Archives of Gynecology and Obstetrics, vol.306, no.5, pp.1673-1678, 2022 (SCI-Expanded)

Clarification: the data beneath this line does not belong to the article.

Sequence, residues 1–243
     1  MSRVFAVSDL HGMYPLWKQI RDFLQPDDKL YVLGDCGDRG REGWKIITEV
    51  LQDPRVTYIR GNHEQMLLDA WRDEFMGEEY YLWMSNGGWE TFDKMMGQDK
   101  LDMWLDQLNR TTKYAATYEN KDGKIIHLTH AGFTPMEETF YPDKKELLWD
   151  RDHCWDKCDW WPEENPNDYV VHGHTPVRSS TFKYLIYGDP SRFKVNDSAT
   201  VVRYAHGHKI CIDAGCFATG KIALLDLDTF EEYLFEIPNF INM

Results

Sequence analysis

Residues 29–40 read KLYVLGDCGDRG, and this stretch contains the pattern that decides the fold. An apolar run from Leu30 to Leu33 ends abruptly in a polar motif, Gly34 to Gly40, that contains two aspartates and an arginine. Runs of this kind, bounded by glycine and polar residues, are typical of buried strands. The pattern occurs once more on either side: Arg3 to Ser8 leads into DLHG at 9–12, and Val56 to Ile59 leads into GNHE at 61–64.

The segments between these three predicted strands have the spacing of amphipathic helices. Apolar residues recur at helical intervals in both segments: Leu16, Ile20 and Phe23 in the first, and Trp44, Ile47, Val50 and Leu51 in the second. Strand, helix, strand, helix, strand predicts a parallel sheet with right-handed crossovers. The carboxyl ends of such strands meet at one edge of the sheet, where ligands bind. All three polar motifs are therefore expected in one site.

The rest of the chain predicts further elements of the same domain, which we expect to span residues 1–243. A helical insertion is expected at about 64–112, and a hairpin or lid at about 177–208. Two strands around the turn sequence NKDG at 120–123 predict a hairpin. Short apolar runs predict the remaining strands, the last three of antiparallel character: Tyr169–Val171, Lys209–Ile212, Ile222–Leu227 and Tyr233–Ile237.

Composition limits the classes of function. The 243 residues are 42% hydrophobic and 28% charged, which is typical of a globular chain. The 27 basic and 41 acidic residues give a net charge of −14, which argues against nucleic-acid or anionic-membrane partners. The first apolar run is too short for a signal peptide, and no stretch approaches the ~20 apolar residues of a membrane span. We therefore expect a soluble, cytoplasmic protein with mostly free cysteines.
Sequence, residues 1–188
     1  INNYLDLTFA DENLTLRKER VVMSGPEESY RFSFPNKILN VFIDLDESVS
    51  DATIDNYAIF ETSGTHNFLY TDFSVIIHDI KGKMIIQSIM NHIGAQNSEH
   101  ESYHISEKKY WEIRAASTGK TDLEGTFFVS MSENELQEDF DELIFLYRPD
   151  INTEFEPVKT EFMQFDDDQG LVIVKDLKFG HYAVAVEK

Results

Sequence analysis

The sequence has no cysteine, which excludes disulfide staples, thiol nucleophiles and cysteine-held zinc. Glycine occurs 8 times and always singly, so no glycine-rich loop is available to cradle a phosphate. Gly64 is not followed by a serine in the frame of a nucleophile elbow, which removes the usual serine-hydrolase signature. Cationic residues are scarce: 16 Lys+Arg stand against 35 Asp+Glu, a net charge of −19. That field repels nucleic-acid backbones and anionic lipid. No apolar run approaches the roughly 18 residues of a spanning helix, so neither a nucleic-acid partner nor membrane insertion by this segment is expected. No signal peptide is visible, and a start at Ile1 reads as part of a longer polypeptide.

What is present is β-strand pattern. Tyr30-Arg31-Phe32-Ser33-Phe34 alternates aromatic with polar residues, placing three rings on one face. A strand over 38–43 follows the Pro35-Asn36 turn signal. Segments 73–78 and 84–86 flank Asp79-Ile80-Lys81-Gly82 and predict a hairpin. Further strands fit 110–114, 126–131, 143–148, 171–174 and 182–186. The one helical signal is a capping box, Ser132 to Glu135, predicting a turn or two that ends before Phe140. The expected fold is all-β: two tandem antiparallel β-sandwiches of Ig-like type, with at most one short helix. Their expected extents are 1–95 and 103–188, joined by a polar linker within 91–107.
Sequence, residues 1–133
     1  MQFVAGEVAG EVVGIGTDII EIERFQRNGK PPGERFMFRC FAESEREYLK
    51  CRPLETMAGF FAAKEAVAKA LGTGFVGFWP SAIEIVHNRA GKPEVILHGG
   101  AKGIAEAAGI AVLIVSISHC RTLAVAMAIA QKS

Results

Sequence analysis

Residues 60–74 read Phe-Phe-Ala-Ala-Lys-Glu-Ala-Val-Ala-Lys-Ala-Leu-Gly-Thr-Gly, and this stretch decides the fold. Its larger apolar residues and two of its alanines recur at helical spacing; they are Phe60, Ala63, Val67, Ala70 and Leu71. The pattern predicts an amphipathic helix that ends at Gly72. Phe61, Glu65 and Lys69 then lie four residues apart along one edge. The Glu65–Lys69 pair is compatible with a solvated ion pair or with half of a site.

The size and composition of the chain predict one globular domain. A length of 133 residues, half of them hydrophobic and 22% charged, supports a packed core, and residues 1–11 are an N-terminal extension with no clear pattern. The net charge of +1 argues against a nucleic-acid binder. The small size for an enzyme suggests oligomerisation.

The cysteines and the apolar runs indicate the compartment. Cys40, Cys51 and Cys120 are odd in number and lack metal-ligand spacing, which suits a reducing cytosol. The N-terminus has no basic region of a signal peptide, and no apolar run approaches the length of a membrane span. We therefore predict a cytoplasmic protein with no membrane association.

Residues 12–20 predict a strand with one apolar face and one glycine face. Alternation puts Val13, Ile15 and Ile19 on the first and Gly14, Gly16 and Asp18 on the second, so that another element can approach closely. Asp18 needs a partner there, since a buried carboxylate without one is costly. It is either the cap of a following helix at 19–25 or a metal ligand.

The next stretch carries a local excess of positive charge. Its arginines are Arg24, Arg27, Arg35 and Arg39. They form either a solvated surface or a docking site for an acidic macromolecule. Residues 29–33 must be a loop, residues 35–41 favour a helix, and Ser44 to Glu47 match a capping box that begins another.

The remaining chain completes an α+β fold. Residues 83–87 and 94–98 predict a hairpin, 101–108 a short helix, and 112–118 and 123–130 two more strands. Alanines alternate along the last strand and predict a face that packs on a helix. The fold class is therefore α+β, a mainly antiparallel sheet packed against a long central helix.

© 2022, The Author(s), under exclusive licence to Springer-Verlag GmbH Germany, part of Springer Nature.Purpose: This study was aimed to evaluate the protective effect of edaravone on cisplatin-induced ovarian injury. Methods: A total 40 female Wistar–Albino rats were utilized to form four groups: Group 1 (control group) (n = 10), no procedure was performed. Group 2 (cisplatin group) (n = 10), single-dose 7.5 mg/kg cisplatin was administered and no procedure was performed. Group 3 (edaravone group) (n = 10), single-dose 1 mg/kg edaravone was administered and no procedure was performed. Group 4 (cisplatin + edaravone group) (n = 10), single-dose 7.5 mg/kg cisplatin and 1 mg/kg edaravone were administered. Seventy-two hours later, ovaries were surgically extirpated in all groups. Malondialdehyde (MDA) levels and nitric oxide (NO) levels were studied in blood samples. In ovarian tissue samples, DNA damage and apoptosis were assessed using TUNEL method. Ovarian tissue damage was evaluated by immunohistochemical staining with caspase 3 and caspase 8. Results: According to the findings obtained from the study, edaravone showed protective properties on ovarian damage due to cisplatin. MDA and NO levels were significantly higher in cisplatin group than other groups. Histopathological ovarian tissue damage in the cisplatin group was significantly higher than other groups. Similarly, DNA damage and apoptosis were higher in cisplatin group and this difference was found to be statistically significant. The immunohistochemical staining which was done using caspase 3 and caspase 8 was revealed that immunoreactive cells were statistically higher in cisplatin group than cisplatin + edaravone group. Conclusion: Edaravone seems to be effective in prevention of ovarian damage and short-term treatment.